The demand for rare earth elements has grown rapidly, but their occurrence in minable deposits is limited.
Article by: Hobart M. King, PhD, RPG
Rare Earth Element Production: This chart shows a history of rare earth element production, in metric tons of rare earth oxide equivalent, between 1950 and 2021. It clearly shows the United States' entry into the market in the mid-1960s when color television exploded demand. When China began selling rare earths at very low prices in the late 1980s and early 1990s, mines in the United States were forced to close because they could no longer make a profit.  When China cut exports in 2010, rare earth prices skyrocketed. That motivated new production in the United States, Australia, Russia, Thailand, Malaysia, and other countries. In 2018 production data in Burma / Myanmar became available and boosted the "others" category. Prior to 2018, some production from Burma / Myanmar may have been unreported. Graph by Geology.com using data from United States Geological Survey Mineral Commodity Summaries and other publications.
REE Periodic Table: The Rare Earth Elements are the 15 lanthanide series elements, plus yttrium. Scandium is found in most rare earth element deposits and is sometimes classified as a rare earth element. Image by Geology.com.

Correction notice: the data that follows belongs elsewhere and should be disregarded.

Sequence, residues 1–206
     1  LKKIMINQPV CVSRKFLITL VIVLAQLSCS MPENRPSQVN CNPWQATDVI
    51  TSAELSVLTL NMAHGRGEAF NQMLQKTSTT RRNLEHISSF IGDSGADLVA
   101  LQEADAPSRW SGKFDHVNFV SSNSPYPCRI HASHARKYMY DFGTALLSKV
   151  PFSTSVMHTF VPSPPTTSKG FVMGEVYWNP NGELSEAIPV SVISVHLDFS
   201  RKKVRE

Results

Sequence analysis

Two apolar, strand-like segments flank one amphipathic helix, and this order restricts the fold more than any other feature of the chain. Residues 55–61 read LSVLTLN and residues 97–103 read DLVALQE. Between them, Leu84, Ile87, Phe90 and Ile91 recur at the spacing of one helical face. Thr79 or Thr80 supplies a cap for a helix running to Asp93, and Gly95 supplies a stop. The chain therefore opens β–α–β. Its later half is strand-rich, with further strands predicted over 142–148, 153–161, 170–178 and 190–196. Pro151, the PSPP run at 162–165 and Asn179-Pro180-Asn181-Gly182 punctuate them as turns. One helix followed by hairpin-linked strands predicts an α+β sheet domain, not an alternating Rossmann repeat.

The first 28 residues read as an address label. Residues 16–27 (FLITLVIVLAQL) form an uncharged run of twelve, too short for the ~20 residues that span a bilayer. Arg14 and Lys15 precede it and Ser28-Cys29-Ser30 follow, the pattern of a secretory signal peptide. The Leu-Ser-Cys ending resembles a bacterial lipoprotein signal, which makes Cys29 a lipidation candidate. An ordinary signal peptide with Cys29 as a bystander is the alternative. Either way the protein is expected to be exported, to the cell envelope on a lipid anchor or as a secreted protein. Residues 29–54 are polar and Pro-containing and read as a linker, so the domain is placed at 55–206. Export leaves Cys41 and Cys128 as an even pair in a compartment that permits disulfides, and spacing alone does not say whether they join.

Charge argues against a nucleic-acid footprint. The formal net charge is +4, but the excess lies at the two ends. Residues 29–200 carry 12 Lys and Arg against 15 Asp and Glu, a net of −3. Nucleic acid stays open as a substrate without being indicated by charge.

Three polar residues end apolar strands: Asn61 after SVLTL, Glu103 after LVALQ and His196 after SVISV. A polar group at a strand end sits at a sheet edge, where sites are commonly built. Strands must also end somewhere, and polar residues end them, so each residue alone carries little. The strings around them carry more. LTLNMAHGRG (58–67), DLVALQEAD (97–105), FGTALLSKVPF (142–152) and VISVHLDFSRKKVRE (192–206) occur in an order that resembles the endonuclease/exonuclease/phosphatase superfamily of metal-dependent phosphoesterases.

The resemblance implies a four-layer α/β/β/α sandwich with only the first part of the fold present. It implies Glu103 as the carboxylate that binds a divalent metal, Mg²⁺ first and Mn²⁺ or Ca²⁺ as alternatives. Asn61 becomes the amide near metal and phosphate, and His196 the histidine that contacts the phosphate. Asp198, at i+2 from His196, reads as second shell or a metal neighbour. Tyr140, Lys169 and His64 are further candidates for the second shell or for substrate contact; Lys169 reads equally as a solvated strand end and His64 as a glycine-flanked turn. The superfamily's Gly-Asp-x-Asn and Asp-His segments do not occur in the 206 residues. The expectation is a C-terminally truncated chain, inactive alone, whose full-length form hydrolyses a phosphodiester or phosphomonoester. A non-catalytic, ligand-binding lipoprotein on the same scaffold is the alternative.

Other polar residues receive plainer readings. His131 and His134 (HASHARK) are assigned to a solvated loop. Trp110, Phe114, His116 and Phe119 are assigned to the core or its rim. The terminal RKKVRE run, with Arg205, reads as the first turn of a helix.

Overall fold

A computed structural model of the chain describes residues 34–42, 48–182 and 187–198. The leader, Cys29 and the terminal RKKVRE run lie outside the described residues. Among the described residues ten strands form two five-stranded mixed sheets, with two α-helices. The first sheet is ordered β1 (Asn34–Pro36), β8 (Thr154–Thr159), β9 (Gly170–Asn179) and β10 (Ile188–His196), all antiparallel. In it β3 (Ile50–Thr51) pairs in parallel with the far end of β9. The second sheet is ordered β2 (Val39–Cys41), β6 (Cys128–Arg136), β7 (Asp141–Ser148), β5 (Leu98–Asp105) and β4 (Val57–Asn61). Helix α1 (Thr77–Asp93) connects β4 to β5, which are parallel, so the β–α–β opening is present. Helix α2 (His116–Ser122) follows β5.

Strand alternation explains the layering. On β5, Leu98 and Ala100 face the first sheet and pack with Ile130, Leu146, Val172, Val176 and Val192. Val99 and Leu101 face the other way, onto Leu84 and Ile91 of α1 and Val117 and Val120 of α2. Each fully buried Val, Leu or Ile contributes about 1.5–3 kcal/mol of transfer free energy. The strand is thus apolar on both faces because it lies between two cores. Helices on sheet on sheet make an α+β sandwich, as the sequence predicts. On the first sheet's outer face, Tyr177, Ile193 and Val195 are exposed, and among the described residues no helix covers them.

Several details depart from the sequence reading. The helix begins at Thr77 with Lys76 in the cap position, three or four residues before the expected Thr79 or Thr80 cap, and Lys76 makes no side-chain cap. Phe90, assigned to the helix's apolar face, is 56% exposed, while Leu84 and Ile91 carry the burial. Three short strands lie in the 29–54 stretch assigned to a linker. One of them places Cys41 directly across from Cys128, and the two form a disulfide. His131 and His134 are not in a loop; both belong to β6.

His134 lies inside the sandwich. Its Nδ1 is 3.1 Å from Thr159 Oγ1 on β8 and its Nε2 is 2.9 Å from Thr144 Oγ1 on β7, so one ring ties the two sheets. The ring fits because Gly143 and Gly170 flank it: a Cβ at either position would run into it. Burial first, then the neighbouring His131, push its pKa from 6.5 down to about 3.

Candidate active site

What Are Rare Earth Elements (REEs)? Rare earth elements are a group of seventeen chemical elements that occur together in the periodic table (see image). The group consists of yttrium and the 15 lanthanide elements (lanthanum, cerium, praseodymium, neodymium, promethium, samarium, europium, gadolinium, terbium, dysprosium, holmium, erbium, thulium, ytterbium, and lutetium). Scandium is found in most rare earth element deposits and is sometimes classified as a rare earth element. The International Union of Pure and Applied Chemistry includes scandium in their rare earth element definition.
The rare earth elements are all metals, and the group is often referred to as the "rare earth metals." These metals have many similar properties, and that often causes them to be found together in geologic deposits. They are also referred to as "rare earth oxides" because many of them are typically sold as oxide compounds.